The problem was that I kept finding other history articles about this vehicle which gave the year as 1893. Like this one. And this one. And this one. And this one. And this one. And there were other books which gave the year as 1893, too. Is there another source out there that I just can’t find? Or had the writers of all these other articles simply taken the year from either the photo caption or Mike Filey’s 1979 article, and not looked for any confirmation in primary sources?

Primary Sources

Anyone who has taken a history class at the university level probably heard a lot about primary sources and how important they are. You were probably told to cite a minimum number of primary sources in your essays. I certainly had this experience, but the significance didn’t really sink in for me at the time, perhaps because at Queen’s I mostly studied western Europe during the Renaissance and Reformation years and couldn’t do all that much with primary sources given that I do not understand Italian or Spanish or German. In my essays, my primary sources tended to be translations of Dante.

Popular history, of course, isn’t academia. The language and tone changes. Popular historians are often eager to make their writing more fun and engaging, and this is great; what is the point of history if you aren’t aiming to share it with more people? Some Toronto popular history writers, however, also throw away the academic need for citations and crediting sources, and when this happens, the readers don’t know where the information is coming from. Few, if any, of the contemporary pieces I found about the Fetherstonhaugh car indicated what the source material was.

The Sign Hanging on the Front of the Car

As I got increasingly frustrated with my inability to find any clear evidence that this car existed in 1893, I took a trip to the City of Toronto archives to have a closer look at the original photo. As you can see from the image (it is perhaps clearer in this other copy of the same photo), there is a sign hung on the front of the car, and I wanted to know what it said.

The full text of that sign is as follows:

The first motor vehicle made and operated in Canada.  Built in 1893.

This carriage was built for F.B. Fetherstonhaugh in 1893 by John Dixon, and equipped by the Still Motor Co. Limited with motor and batteries made by W.J. Still.

It was exhibited in the Toronto Exhibition in 1893 and created quite a sensation in front of the old grandstand on account of it being the first horseless vehicle made or operated in Canada.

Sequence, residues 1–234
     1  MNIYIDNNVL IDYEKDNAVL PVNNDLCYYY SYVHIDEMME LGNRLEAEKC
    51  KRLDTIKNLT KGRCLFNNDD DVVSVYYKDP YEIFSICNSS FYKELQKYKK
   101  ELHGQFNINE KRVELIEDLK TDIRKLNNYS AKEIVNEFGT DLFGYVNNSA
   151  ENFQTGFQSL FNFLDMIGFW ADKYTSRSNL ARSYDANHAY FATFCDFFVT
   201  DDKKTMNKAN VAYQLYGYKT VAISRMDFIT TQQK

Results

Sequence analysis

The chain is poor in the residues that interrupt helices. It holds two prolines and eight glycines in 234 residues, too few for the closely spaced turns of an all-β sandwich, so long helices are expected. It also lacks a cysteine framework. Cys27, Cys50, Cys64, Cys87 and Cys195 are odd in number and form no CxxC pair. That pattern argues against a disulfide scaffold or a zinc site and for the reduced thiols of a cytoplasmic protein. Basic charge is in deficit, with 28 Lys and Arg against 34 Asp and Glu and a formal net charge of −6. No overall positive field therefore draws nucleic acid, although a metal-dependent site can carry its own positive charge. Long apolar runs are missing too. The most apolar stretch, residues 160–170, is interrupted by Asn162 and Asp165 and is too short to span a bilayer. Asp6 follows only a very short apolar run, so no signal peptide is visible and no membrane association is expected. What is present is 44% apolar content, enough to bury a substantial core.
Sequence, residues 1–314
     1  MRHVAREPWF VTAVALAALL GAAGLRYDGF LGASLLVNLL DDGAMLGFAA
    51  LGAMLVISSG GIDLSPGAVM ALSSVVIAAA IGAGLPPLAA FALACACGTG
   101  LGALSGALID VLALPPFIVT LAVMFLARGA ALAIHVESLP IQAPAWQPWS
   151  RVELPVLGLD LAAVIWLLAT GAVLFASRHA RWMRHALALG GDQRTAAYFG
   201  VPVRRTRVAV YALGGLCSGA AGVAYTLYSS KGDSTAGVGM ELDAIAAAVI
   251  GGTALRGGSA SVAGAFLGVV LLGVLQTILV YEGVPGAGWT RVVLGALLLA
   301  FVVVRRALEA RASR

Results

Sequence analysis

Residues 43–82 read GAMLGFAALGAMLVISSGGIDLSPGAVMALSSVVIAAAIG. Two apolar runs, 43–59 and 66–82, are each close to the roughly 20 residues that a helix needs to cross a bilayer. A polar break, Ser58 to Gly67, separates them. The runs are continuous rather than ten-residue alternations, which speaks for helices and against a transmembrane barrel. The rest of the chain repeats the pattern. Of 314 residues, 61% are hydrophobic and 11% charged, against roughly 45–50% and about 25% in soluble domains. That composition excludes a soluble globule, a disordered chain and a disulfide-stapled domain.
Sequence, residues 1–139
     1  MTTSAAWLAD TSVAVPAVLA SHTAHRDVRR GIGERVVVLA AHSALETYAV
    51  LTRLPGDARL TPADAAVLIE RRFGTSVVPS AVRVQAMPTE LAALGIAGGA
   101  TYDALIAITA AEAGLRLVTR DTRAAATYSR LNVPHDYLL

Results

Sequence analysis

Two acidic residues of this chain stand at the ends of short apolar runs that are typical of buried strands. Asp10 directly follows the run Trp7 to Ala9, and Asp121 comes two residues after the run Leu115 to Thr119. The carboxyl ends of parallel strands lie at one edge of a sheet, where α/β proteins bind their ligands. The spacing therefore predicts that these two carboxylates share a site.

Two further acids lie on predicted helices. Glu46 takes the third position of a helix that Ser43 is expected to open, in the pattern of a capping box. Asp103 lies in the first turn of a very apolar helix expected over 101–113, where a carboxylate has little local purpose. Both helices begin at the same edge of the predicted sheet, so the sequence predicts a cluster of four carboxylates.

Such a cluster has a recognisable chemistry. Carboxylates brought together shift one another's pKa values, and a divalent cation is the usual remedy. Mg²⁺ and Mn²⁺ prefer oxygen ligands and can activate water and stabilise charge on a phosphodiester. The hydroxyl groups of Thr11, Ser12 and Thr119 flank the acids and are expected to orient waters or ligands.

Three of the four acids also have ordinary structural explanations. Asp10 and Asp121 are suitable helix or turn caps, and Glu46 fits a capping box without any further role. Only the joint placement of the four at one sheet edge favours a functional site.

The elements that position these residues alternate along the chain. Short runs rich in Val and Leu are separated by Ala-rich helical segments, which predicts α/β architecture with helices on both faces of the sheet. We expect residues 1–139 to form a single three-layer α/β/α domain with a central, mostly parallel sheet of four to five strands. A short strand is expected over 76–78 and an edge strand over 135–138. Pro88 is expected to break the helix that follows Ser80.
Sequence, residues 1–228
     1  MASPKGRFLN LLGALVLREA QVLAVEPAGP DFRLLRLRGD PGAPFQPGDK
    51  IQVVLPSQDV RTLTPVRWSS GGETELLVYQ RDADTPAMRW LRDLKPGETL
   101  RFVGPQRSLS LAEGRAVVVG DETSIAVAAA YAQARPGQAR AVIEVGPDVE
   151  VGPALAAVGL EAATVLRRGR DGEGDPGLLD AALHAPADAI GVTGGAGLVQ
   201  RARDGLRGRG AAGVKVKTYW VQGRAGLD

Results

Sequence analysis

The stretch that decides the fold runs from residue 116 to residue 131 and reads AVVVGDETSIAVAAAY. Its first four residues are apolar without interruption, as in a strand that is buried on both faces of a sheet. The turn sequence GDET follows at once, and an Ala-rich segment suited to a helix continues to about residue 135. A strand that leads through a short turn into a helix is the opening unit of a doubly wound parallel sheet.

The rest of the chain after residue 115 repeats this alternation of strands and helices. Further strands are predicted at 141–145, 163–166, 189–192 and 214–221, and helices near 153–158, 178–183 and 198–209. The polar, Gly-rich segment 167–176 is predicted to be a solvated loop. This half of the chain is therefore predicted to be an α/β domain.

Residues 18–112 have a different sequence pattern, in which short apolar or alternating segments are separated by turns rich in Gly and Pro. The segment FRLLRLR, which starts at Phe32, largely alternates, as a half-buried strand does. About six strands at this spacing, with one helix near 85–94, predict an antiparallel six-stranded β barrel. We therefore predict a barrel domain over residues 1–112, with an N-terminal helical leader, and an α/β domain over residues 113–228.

Alright, so this sign indicates the year of the vehicle’s debut as 1893. But how reliable is this sign?

Well, for one thing, it claims the Fetherstonhaugh car was the first automobile in Canada. I haven’t looked into this too closely (I was writing this article on a deadline), but none of the other sources I’ve checked seem to repeat this claim. For what it’s worth, the Canadian Encyclopedia says Canada’s first motor vehicle was as early as 1867, almost thirty years before the Fetherstonhaugh car.

If this was wrong, could the rest of the sign’s text be wrong, too?  If so, though, this would seem remarkable. The photo is dated 1912, and supposedly from an automobile exhibit at the Toronto Armouries, meaning that the details of Toronto’s first car could have been forgotten a mere twenty years after its construction. Fetherstonhaugh was still alive at this time. To be fair, though, think of recent innovations. When was the first e-mail sent in Toronto? Who was the first person in Toronto with a PDA?  People didn’t realize just how important cars were going to be, and thus hadn’t busied themselves with documenting their development.

I talked to a staff person at the archives about the photo and the William James collection. She informed me that the captions on the photo were added many years after the photos were taken. If I recall rightly, they were added by the photographer’s son, who was going by what he remembered his father telling him, so there’s certainly margin for error. In fact, the photo might be earlier or later than 1912. All we really know is that this car was at some time put on display, and that this sign hung in front of it.

So where the hell did this leave me? Well, I had the Globe article describing the supposed first test of this vehicle in 1896. I found a Star article from 1901 which says Fetherstonhaugh’s car made its debut in 1896. It turns out that Mike Filey wrote a later article, published in Toronto Sketches 10 (Dundurn, 2010), which also gives the year as 1896. But some times in the early twentieth century, all the sources started giving the year as 1893. (The earliest newspaper article I could find which gave the year as 1893 is a Star article from 1936.) Did everyone just trust the sign in the photo? And why did whoever make the sign choose the year 1893?

Automobiles at the CNE